Anthony Powell

Anthony Powell article introduces a reissue of Jocelyn Brooke’s The Orchard Trilogy which is due from Secker in May.

Extraordinary People

Anthony Powell, 4 June 1981

When housekeeping was still difficult after the second war we used to lunch quite often at the Chester Arms, which stood nearly opposite where we lived in Regent’s Park. The pub was run by a delightful family, a handsome widow and her two pretty daughters. We once took an American to luncheon there. Could he have been an American officer? I can’t remember. When I remarked that it was lucky to find such nice people in the local, he replied: ‘I’ve often heard that said over here. I don’t understand it. In the US we go where it suits, and don’t bother about the people.’ Possibly because the staff was prepossessing, but also because the place was comparatively remote from more frequented scenes, an occasional acquaintance would choose the Chester for lunching someone not his wife. One would look the other way, or give a myopic nod before returning to rationing or bomb damage. Among those who appeared there from time to time with a guest evidently not his wife was Rupert Hart-Davis. He was unique among those couples, with their faintly clandestine air, in boldly underlining his presence within the pub by parking outside the entrance a publisher’s van on the side of which was inscribed in large letters: RUPERT HART-DAVIS.

Brooke’s Benefit

Anthony Powell, 16 April 1981

In 1949, a moment when I was editing the novel pages of the Times Literary Supplement, a book came in called A Mine of Serpents, author Jocelyn Brooke. The name was familiar on account of a previous work, The Military Orchid, which had appeared the year before, and received unusually approving notices. I had not read The Military Orchid, partly because there was a good deal to do reviewing other books, partly because (being in that respect like Wyndham Lewis’s Tarr, for whom ‘the spring was anonymous’) I thought a work much concerned with botany sounded off my beat.

Six Scotches More: Anthony Powell

Michael Wood, 8 February 2001

Reviewers are always sternly instructed to check page proofs against finished copies of books, and I do, I will. But the proofs of Anthony Powell’s A Writer’s Notebook provide, along...

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John Lanchester, 5 June 1997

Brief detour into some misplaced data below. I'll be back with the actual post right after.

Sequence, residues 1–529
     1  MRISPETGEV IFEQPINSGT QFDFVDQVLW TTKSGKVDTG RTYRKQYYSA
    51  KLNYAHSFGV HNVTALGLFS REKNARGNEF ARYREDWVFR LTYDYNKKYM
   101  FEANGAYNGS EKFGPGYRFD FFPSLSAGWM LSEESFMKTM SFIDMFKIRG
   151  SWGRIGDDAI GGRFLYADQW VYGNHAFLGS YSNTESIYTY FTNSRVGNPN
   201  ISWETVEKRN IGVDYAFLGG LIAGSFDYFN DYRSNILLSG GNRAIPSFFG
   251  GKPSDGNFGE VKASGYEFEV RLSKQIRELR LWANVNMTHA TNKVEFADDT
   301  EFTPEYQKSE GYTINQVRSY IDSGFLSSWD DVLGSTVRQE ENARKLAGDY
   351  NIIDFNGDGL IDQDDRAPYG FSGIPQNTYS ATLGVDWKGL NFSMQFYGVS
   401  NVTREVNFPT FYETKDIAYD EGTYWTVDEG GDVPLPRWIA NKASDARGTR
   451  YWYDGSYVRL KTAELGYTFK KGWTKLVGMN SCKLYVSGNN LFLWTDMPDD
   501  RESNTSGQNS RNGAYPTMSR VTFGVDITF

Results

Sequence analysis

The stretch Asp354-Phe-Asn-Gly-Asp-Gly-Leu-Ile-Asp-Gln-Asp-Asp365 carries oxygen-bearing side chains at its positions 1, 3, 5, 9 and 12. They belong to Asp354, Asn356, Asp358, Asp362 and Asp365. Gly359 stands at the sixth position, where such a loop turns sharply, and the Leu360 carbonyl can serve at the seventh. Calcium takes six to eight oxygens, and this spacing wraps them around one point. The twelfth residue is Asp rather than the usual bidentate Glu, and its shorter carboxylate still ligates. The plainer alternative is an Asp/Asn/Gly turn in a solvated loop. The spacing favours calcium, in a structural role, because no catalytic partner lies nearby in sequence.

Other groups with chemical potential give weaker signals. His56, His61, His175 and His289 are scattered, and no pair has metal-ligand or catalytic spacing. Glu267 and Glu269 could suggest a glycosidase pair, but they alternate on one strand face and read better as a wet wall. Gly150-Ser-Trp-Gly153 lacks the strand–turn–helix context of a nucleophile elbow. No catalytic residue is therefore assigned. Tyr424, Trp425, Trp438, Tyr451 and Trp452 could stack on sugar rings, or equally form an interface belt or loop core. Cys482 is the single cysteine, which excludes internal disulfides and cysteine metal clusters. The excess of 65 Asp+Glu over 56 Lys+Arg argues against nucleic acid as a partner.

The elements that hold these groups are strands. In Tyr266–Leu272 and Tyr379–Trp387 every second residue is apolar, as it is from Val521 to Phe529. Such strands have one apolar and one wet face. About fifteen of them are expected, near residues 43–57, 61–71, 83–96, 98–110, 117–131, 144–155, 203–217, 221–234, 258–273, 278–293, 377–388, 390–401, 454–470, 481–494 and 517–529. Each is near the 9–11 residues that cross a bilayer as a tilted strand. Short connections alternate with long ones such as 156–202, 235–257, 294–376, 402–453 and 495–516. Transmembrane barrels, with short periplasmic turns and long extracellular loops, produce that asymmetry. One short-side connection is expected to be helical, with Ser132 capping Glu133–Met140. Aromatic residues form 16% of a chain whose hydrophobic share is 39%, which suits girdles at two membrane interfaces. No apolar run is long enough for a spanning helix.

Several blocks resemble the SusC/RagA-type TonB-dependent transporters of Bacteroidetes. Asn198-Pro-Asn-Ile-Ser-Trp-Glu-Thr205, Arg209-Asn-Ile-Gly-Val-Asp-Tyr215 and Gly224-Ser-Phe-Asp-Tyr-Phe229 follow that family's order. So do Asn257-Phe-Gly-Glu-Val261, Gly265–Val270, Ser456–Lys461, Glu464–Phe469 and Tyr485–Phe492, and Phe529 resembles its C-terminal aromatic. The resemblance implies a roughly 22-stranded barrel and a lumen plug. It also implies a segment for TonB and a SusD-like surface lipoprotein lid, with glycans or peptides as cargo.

Most good novelists make life seem more interesting than it is. The very fact that their work offers a continuous aesthetic or psychic frisson is a kind of falsehood, a betrayal of reality; and...

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Being all right, and being wrong

Barbara Everett, 12 July 1990

Men of different generations and presumably social worlds, Anthony Powell and Craig Raine aren’t much alike as writers. But the novelist’s Miscellaneous Verdicts and the poet’s

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Villain’s Talk

John Bayley, 17 April 1986

How and why do some writers’ characters live from the word go? It may not be necessary that they should; it may not even be to the writer’s purpose and advantage. Shakespeare’s...

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Chances are

Michael Wood, 7 July 1983

‘What a chapter of chances,’ Tristram Shandy’s father says, ‘what a long chapter of chances do the events of this world lay open to us!’ The thought is echoed in the...

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Paul Delany, 5 May 1983

The action of A Dance to the Music of Time comes to the reader by courtesy of Nick Jenkins, that non-participant observer whose presence never seems to make any impact on the endless round of...

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Standing at ease

Robert Taubman, 1 May 1980

At the beginning of this volume Anthony Powell marries into the Pakenham family, which has some resemblance, he discloses, to the Tollands in his sequence of novels A Dance to the Music of Time....

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